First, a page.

A further advanced explanation of the relationship between DSA keys and hash length is found in the FIPS-180-3 specification: http://csrc.nist.gov/publications/Pu...ml#FIPS-180--3
L represents the DSA key bit size, N represents the corresponding resultant hash size:
L = 1024, N = 160
L = 2048, N = 224
L = 3072, N = 256
This relationship shows that for any 1024 bit DSA key, a corresponding 160 bit hash will result. For a 2048 bit key, a hash length of 224 bits will result. For a 3072 bit key, a 256 hash will result.
A practical example: if a DSA 2048 bit key is created, the following hashes that are 224 bits or higher are available for use within GnuPG: SHA-224, SHA-384, SHA-256, SHA-512. As suggested by there name, the SHA-224 algorithm produces 224 bit signatures, SHA-384 produces 384 bit signatures, etc. SHA-1 or RIPEMD-160 could not be used since the resultant signatures (both 160 bits) are less than the specified 224 bit length. Although internally SHA-224 will produce a 224 bit product, SHA-384 produces a 384 bit product, SHA-256 produces a 256 bit product, and SHA-512 produces a 512 bit product, in order to be compliant with the FIPS standard the result product will be truncated (using the leftmost bits) to always produce a 224 bit product. With 3072 bit DSA signing keys, the SHA-256 or SHA-512 hash may be used but the resultant signature will always be truncated to be exactly 256 bits in length. Because of this truncation, there is no practical advantage of using a SHA-256 hash vs a SHA-512 hash truncated to 256 bits. The digital signatures are equally as strong.
The use of RSA signing keys are subject to no such hash restrictions. No modification of the gpg.conf file is required to use larger key lengths with the RSA. RSA Signing Keys may be 1024, 2048 or 4096 bits in length, and may utilize all available hash functions - SHA-512, SHA-384, SHA-256, SHA-224, SHA-1, RIPEMD160, and MD5.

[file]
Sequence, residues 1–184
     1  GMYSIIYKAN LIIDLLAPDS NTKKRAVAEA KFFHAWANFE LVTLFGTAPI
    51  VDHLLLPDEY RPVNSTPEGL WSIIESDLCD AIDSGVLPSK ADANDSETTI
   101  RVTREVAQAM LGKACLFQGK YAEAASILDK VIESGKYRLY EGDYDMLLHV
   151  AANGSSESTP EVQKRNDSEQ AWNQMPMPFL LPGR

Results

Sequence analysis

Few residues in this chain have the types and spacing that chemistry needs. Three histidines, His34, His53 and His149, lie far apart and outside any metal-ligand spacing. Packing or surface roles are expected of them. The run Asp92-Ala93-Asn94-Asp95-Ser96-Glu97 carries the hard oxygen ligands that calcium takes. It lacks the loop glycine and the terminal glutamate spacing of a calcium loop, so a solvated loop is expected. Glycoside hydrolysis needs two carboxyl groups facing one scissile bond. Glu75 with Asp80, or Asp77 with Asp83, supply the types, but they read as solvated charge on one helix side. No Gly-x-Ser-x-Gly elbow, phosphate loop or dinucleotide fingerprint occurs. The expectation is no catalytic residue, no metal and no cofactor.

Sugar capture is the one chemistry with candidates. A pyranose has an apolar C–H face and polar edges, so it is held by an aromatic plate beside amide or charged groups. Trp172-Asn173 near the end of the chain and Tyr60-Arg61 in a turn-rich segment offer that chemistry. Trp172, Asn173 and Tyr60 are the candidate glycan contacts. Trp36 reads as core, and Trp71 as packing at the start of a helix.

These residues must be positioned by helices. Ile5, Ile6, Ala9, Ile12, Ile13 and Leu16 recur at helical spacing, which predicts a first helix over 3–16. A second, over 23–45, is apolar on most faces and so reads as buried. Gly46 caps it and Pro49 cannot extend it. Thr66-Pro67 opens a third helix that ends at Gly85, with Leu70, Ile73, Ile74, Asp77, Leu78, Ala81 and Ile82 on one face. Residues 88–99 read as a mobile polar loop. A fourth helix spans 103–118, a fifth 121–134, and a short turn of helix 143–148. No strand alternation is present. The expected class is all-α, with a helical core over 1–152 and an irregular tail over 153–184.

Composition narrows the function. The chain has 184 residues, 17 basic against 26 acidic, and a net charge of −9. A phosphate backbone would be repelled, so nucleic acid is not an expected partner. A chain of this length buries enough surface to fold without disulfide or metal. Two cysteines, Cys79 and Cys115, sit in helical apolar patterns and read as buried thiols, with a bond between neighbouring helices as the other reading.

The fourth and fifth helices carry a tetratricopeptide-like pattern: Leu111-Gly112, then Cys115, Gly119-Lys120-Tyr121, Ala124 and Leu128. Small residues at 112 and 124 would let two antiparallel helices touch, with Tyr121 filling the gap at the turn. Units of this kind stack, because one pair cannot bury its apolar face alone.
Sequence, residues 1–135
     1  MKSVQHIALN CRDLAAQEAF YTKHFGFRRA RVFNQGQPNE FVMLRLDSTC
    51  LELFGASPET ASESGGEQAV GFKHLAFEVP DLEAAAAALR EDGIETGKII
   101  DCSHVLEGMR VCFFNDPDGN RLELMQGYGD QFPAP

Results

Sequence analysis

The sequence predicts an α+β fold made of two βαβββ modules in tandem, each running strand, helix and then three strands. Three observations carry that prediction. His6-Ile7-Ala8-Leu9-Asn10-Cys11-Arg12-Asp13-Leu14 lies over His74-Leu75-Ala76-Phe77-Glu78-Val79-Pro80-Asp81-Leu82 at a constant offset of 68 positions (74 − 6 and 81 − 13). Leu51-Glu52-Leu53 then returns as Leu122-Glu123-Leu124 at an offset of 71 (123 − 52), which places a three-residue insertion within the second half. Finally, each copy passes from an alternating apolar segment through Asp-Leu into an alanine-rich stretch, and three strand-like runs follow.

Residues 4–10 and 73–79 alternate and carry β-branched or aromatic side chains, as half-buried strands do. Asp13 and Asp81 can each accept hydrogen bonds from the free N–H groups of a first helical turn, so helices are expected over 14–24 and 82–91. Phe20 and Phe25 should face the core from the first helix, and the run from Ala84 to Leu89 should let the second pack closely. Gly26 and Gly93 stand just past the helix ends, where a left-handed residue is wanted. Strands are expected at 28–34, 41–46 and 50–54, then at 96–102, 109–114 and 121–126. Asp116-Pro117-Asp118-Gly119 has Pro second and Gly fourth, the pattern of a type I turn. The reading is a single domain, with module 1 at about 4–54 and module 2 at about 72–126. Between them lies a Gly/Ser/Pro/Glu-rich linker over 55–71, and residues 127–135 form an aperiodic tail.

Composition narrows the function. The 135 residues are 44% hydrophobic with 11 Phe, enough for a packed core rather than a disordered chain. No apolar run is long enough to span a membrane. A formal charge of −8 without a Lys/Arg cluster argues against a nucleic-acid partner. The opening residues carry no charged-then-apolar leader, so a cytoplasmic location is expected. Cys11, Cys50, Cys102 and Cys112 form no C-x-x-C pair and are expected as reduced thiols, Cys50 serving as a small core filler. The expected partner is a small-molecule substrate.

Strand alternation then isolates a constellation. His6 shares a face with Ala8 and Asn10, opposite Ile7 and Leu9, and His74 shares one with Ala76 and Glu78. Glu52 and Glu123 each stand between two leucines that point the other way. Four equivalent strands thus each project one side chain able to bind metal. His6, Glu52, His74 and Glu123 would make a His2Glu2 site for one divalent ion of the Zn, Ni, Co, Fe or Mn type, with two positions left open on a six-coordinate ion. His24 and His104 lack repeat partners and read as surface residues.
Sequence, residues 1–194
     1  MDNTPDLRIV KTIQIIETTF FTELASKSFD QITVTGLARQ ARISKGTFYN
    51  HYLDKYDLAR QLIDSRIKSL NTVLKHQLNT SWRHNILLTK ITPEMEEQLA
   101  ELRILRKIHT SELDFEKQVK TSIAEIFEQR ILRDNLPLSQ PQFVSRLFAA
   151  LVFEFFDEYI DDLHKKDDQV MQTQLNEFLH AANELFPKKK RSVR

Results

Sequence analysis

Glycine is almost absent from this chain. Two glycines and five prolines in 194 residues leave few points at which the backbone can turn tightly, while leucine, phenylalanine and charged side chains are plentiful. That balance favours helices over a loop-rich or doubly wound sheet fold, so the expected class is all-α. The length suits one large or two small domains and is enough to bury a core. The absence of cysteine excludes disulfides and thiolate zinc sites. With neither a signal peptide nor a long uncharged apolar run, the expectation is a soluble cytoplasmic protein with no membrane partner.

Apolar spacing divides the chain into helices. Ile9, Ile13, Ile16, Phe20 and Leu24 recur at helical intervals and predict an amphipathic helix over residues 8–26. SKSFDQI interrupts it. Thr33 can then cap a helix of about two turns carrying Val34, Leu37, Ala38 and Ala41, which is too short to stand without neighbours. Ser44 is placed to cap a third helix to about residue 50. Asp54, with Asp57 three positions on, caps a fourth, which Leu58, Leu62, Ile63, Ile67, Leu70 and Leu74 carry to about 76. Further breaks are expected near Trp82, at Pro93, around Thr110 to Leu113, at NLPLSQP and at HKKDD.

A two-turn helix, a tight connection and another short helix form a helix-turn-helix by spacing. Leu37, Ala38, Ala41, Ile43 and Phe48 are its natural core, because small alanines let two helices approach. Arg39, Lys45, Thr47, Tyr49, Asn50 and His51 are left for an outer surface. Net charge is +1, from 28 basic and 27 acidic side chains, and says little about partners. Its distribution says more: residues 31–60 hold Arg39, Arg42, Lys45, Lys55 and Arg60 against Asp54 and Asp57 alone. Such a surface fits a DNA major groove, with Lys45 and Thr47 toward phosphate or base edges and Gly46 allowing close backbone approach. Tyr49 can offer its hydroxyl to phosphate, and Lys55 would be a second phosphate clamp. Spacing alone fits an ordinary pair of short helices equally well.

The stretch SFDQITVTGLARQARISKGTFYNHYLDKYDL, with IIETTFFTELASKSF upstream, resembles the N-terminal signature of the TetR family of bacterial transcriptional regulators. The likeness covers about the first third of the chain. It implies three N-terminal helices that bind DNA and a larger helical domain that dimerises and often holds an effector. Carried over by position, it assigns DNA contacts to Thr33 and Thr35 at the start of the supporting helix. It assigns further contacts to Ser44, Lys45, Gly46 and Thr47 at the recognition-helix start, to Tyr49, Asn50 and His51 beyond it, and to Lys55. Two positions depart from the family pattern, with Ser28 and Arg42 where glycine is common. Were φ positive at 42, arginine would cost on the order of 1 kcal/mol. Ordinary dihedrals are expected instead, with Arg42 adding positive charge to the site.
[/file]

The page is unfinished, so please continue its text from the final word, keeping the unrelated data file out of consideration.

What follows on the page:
Public/Private Encryption Keypair
Encryption keys are generated either using the ElGamal Algorithm or RSA (Rivest-Shamir-Adleman) Algorithm. Because the OpenGPG standard evolved directly from the PGP 5 standard and the RSA algorithm was patent encumbered prior to Sept 6, 2000, ElGamal is the default Encryption Key Algorithm. The user however may specify whether to create ElGamal or RSA encryption keys during key generation. This process will be discussed below. Using the chosen Encryption Key Algorithm, a public and private encryption keypair is generated. Keys generated with the ElGamal or RSA algorithm are referred to as ElGamal or RSA Encryption Keys. The key types (ElGamal, RSA) are not interchangeable.
The purpose of the Encryption public/private keypair is to encrypt/decrypt a randomly generated session key created with each new message. The session key in turn acts as the password or key for a specified cipher algorithm which symmetrically encrypts/decrypts plain text to cipher text. Session Key generation is modeled after the random number generator as described in Peter Gutmann's paper: "Software Generation of Practically Strong Random Numbers". This is also described in Chapter 6: "Cryptographic Security Architecture", New York, 2004 - ISBN 0-387-95387-6.
Session key generation is handled by GnuPG. It is not possible for a user on the fly to generate a random session key via and simply tell GnuPG to use this key for message encryption. It is possible however to manually specify a session key to use during message decryption. Although this concept may be seem strange at first glance, its utility is apparent when a higher authority may force revelation the contents of an encrypted message. Rather than forfeiting the private key which would make decryption of every single message ever received possible, its possible to only turn over the session key of the message in question. This session key could then be used to decrypt the contents of the message. Since a unique session key is generated for every message sent, forfeiting possession of a single session key would only compromise the contents of one single message, rather than all the messages received by a particular user.
Discovering the messages session key as generated by default:
Using the manually specified session key to decrypt the message